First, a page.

Vera isn’t a poker player herself, and so generally isn’t too interested in what the poker magazines and books I have laying around have to say. I have shared an article or two from Card Player with her before, but I had no recollection of her picking it up without my having recommended something. I watched as she quickly flipped to the article on page 8, a one-pager in the “Inside Straight” section that briefly summarized the events of “Black Friday” and the immediate aftermath.
While the issue is dated May 24, 2011, it’s clear the article was probably written about a month before, as it only speaks of the indictment, relates a few of the initial responses (from PokerStars, Full Tilt Poker, the PPA, and Rep. Barney Frank), and tells of the deals struck between the DOJ and Stars/Tilt to regain their domains.
“Is that all?” said Vera, flipping through the rest of the magazine.
I laughed and shook my head, saying that yeah, that was it. I added that it was a little funny to think that this was the third issue of Card Player I’d received since “Black Friday” and this was the first mention of it.
I pointed out one other interesting detail of this issue, the conspicuous lack of advertising for Stars, FTP, Absolute Poker, and UB throughout. I noted how it was 16 pages shorter than the previous issue, pointing to the staples on the side to show that the magazine had even been bound differently.
“There isn’t a... uh, it doesn’t even have a...”
“Spine,” said Vera, finding the word for me. Then she added, “It’s spineless.”
I chuckled at the word, remembering some of the criticisms that have been directed of late toward various publications and sites that report on poker. Some have felt certain outlets -- just about all of which have long depended on online poker sites for advertising dollars and in other ways -- weren’t going after the story of “Black Friday” with the sort of vigor it deserved, muting their coverage perhaps because of their relationships with the targeted sites.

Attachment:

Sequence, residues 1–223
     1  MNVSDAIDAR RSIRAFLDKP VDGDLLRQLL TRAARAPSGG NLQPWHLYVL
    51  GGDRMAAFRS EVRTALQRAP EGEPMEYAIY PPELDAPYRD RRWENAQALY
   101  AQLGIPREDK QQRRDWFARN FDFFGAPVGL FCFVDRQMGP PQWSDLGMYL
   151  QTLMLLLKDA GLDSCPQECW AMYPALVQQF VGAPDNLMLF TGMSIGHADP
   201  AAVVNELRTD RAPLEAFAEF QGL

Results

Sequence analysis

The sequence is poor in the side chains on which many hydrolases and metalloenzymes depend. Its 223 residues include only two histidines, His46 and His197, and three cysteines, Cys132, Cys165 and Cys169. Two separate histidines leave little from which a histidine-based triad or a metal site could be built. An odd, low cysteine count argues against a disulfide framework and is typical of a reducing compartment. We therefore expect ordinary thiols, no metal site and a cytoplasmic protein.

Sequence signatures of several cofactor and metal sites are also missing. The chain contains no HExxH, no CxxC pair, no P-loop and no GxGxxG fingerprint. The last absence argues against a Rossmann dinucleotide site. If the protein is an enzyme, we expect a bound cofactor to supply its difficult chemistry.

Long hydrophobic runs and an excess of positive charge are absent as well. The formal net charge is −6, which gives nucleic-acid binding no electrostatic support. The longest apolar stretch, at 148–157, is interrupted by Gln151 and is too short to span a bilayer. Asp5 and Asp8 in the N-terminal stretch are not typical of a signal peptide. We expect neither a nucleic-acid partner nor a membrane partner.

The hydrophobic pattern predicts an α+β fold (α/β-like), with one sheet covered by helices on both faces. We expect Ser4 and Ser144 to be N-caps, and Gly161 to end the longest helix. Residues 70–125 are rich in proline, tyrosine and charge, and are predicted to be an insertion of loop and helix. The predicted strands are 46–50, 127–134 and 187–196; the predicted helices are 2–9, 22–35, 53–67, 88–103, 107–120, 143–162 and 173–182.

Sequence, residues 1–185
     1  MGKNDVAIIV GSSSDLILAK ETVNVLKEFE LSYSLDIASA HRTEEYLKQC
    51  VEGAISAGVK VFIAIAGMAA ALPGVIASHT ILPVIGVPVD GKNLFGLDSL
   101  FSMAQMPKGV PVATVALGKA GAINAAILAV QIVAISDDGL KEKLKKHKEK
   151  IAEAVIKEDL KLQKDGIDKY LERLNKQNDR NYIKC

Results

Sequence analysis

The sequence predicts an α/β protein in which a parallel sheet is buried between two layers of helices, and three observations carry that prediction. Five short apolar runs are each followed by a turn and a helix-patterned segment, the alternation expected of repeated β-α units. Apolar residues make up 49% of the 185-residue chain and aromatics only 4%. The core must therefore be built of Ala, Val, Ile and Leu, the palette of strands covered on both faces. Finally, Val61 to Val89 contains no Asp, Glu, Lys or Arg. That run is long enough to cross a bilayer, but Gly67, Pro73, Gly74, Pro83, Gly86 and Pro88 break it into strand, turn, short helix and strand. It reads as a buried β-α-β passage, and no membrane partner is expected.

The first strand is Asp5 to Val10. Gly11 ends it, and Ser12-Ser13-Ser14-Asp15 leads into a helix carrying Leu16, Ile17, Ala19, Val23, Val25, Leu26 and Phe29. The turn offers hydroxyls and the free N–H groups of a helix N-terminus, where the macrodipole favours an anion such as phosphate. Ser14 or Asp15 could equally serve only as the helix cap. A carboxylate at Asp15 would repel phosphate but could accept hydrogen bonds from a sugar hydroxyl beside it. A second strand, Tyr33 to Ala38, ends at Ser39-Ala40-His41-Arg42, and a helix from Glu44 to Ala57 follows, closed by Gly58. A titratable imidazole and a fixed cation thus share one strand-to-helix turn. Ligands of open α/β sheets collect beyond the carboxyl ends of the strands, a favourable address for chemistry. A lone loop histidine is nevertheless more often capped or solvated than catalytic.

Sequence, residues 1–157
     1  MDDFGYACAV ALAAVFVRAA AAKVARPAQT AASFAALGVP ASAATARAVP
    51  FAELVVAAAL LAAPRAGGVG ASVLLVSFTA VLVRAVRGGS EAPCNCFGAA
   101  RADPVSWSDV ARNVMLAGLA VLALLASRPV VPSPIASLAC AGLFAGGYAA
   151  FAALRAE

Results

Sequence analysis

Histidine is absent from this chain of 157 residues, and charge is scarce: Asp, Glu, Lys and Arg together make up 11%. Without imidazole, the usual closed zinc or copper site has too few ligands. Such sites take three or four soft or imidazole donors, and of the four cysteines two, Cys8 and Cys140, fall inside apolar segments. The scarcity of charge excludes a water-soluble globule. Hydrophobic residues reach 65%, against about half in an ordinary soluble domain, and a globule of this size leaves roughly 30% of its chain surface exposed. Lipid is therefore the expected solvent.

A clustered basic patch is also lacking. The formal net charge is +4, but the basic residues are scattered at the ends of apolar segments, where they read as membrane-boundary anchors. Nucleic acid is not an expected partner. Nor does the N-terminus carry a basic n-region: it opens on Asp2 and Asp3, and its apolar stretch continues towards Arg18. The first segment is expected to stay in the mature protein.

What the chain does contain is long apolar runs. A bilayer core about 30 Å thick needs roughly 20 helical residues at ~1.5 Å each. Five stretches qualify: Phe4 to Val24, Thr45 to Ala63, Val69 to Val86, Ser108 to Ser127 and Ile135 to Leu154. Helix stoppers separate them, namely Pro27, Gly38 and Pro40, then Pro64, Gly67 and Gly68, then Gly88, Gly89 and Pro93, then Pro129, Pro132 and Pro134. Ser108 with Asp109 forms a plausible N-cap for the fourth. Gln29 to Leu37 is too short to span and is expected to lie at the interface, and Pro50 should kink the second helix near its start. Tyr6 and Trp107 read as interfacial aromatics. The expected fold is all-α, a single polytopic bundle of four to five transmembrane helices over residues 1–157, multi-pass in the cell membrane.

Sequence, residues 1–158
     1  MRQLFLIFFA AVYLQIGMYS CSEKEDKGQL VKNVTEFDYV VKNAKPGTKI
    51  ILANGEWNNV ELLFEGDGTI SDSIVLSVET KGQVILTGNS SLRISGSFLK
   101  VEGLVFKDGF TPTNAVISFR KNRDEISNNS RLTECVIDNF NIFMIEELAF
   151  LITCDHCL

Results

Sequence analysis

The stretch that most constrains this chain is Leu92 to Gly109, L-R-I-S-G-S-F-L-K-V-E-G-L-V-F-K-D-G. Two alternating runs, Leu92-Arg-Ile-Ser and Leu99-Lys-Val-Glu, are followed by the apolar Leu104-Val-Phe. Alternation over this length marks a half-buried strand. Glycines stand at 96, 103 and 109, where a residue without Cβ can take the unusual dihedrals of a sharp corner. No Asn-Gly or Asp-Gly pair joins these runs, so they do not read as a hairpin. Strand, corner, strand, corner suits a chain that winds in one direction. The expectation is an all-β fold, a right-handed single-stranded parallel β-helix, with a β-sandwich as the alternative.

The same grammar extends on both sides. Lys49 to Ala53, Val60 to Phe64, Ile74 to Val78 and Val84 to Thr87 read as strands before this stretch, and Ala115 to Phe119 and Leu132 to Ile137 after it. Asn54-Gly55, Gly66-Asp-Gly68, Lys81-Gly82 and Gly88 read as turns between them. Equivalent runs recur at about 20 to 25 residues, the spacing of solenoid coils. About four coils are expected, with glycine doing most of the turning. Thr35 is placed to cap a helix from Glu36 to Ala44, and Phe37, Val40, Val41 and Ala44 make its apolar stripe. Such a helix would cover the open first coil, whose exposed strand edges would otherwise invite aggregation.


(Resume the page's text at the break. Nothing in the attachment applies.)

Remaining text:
I realize Card Player’s publication schedule likely prevented it from reporting on the matter sooner, though it was interesting to see the story finally appearing in the very same issue in which the ads for Stars, Full Tilt Poker, Absolute Poker, and UB no longer appeared.
I pointed out to Vera how Card Player has always, even from its early days, been more focused on supporting its advertisers, which early on were mostly casinos and more recently the online sites. When explaining this, I was remembering having heard Linda Johnson -- publisher and owner of Card Player from 1993-2000 -- interviewed by Gary Wise way back in early 2008.
In that interview, Johnson explained to Wise how the magazine was never intended to be “journalistic,” but rather “was to support the poker industry,” one consequence of which being the avoidance of reporting on stories or events that reflected badly on the industry as a whole and/or their advertisers in particular. (Incidentally, I’m a big Linda Johnson fan, one of those who believes “The First Lady of Poker” deserves serious consideration for the Poker Hall of Fame.)
I wrote here a bit about that interview in a post titled “On Poker Mags,” discussing it in the context of considering Card Player’s tentative coverage of the insider cheating scandal at Absolute Poker during those early months of 2008. My conclusion there was to say that even though the magazine touts itself on its cover (still) as “the poker authority,” one obviously would want to look elsewhere for genuinely revealing news and/or unblinkered opinion about the industry.
All of which is to say I hadn’t necessarily been anticipating reading much of anything in Card Player about “Black Friday.” Indeed, that one-page summary of information we’ve all known about for more than a month now pretty much fit my expectations for what I’d find there on the matter. And I should add there are a number of interesting pieces in the issue -- as is often the case -- including the usual strategy talk, the columns and interviews, and that feature on Gus, too.
Understanding the magazine’s purpose, then, I suppose I’d refrain from using the word “spineless” to refer to it other than literally to describe its changed physical appearance. It is interesting to consider, however, how “Black Friday” has inspired renewed attention on the relationships between media outlets that report on poker and their advertisers -- relationships that in just about every single case have at least some significance when it comes to editorial content produced.
Indeed -- not to single out any one site or publication in particular -- when it comes to accommodatin’ those advertisers, some’ll bend over backwards.